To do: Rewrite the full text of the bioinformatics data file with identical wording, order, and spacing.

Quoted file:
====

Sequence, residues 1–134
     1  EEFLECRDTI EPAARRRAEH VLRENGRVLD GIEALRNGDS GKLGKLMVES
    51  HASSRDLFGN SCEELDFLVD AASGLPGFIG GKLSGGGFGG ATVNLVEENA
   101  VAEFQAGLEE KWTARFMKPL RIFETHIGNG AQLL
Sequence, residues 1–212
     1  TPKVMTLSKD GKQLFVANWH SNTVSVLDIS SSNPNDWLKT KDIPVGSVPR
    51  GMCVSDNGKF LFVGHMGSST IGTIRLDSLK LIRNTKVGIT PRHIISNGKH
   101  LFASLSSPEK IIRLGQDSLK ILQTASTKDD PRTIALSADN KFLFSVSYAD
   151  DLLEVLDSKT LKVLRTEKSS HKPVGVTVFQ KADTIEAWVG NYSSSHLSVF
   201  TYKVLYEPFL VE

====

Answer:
Sequence, residues 1–134
     1  EEFLECRDTI EPAARRRAEH VLRENGRVLD GIEALRNGDS GKLGKLMVES
    51  HASSRDLFGN SCEELDFLVD AASGLPGFIG GKLSGGGFGG ATVNLVEENA
   101  VAEFQAGLEE KWTARFMKPL RIFETHIGNG AQLL
Sequence, residues 1–212
     1  TPKVMTLSKD GKQLFVANWH SNTVSVLDIS SSNPNDWLKT KDIPVGSVPR
    51  GMCVSDNGKF LFVGHMGSST IGTIRLDSLK LIRNTKVGIT PRHIISNGKH
   101  LFASLSSPEK IIRLGQDSLK ILQTASTKDD PRTIALSADN KFLFSVSYAD
   151  DLLEVLDSKT LKVLRTEKSS HKPVGVTVFQ KADTIEAWVG NYSSSHLSVF
   201  TYKVLYEPFL VE